I have written previously about Microsoft’s Hotmail and what a lame excuse for a mail platform it is – in response to that Microsoft gave an account on their new mail platform, Microsoft Live Mail and I have to say it is a serious disappointment.
One of the biggest problems with Hotmail to date has been the fact that they delete all your mail if you don’t log in for 30 days. This has caused loads of people (myself included) lots of pain as we see several years mail disappear never to be returned.
With Windows Live Mail, that 30 day login has been changed to 120 days in an effort to overcome this problem. However, the proper way to fix this would have been to allow POP access to the mail. Live Mail’s main competitors (Gmail and Yahoo! Mail) both allow this functionality. POP access means you can access the email through an email application such as Outlook or Thunderbird and as these applications poll the servers every 30 minutes or so, it means as long as they are running on your system, you are logging into the servers and will never fall foul of the 30-day limit.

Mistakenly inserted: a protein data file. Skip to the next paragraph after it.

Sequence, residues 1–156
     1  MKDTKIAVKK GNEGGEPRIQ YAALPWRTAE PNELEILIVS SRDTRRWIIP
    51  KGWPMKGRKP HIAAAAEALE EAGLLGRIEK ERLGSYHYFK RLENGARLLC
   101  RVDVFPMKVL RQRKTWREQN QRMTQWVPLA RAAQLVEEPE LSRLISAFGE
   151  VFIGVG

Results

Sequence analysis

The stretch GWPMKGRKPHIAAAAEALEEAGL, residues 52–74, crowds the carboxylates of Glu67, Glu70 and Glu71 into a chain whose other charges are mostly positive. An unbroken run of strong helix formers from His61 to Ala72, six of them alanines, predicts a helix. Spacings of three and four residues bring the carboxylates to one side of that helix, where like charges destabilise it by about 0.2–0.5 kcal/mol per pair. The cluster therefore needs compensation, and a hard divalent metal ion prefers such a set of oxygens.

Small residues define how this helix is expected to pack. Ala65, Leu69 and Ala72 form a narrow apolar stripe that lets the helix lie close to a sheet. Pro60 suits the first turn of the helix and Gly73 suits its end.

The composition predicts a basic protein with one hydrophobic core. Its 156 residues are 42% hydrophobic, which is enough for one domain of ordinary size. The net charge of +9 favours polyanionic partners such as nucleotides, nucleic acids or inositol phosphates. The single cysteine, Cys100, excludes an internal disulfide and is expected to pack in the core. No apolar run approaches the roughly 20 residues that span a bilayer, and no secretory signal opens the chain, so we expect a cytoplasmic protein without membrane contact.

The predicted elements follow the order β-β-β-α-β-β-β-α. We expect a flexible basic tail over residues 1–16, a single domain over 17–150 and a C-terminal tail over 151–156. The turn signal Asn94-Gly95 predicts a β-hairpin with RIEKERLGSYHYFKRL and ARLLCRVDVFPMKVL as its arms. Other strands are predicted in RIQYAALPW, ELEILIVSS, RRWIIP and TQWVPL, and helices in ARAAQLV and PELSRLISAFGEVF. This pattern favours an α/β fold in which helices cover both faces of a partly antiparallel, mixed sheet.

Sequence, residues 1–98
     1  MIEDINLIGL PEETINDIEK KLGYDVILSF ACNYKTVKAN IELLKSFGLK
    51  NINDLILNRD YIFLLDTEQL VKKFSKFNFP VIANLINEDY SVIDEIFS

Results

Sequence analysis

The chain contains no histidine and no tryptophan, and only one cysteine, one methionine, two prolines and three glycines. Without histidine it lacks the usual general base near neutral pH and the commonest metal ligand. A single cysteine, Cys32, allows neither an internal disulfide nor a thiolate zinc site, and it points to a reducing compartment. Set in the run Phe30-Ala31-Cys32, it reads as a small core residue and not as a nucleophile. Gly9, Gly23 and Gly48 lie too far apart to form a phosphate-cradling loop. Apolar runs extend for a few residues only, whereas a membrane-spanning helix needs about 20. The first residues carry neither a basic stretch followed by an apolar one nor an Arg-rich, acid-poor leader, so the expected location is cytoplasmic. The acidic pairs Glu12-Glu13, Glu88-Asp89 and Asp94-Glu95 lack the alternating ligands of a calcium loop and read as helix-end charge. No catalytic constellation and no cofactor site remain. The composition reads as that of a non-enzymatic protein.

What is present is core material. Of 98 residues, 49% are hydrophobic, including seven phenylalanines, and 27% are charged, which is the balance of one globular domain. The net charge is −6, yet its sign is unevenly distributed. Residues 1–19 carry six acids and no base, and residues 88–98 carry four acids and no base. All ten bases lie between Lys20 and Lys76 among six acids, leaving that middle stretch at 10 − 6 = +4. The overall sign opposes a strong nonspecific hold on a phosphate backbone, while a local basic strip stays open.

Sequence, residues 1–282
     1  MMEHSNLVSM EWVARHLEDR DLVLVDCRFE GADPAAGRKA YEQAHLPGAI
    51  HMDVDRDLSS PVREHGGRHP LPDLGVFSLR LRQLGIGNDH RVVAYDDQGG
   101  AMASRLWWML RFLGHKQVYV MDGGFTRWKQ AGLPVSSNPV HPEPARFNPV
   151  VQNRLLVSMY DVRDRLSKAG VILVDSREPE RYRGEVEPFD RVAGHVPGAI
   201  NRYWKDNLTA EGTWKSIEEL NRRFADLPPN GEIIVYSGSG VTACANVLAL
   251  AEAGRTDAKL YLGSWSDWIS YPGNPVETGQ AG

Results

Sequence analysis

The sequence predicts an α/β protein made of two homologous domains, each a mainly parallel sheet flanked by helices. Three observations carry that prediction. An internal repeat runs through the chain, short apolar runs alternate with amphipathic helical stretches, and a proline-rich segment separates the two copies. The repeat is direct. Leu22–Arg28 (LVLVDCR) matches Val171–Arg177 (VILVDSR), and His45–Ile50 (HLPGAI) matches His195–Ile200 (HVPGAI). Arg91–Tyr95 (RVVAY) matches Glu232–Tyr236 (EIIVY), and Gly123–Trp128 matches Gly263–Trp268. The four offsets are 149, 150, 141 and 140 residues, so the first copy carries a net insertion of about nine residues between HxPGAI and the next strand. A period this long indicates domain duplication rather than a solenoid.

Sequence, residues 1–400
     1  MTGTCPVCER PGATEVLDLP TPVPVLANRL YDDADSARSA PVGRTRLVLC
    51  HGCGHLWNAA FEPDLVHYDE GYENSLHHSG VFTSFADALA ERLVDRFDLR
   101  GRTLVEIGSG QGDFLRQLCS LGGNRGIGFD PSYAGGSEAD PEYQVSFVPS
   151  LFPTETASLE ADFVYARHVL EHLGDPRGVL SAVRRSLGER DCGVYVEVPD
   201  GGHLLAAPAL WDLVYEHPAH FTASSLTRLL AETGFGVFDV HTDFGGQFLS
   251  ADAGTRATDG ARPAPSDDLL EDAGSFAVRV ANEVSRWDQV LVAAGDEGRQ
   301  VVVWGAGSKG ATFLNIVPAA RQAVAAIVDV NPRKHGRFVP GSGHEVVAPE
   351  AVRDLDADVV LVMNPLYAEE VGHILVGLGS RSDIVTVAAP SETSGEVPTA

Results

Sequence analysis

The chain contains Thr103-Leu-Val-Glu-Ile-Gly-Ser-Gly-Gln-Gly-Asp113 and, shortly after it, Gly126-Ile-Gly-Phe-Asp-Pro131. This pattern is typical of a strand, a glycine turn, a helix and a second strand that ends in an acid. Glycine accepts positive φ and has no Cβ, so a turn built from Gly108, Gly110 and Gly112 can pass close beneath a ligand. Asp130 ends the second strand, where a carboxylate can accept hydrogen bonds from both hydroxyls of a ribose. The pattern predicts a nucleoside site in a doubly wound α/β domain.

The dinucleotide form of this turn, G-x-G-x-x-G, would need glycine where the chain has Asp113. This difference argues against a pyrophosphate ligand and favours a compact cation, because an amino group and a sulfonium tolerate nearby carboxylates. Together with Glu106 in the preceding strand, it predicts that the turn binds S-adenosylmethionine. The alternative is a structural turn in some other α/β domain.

Another reason to allow POP access to email is so that you can read your mail when you are not connected to the ‘Net.
Furthermore, I was made aware of another deficiency of Live Mail this weekend at BarCamp Ireland where one of the speakers bemoaned the fact that you cannot export your contacts in Live Mail! As far as I recall this was possible in Hotmail.
It seems incredible to me that Live Mail would try to lock you into a crummy application by not allowing you to export your contacts. Then again, lock-in is Microsoft’s middle name, isn’t it?
Tom Raftery – Global VP, Futurist, and Innovation Evangelist for SAP, inspirational keynote speaker, and global influencer's take on how digitization and innovation are creatively disrupting our world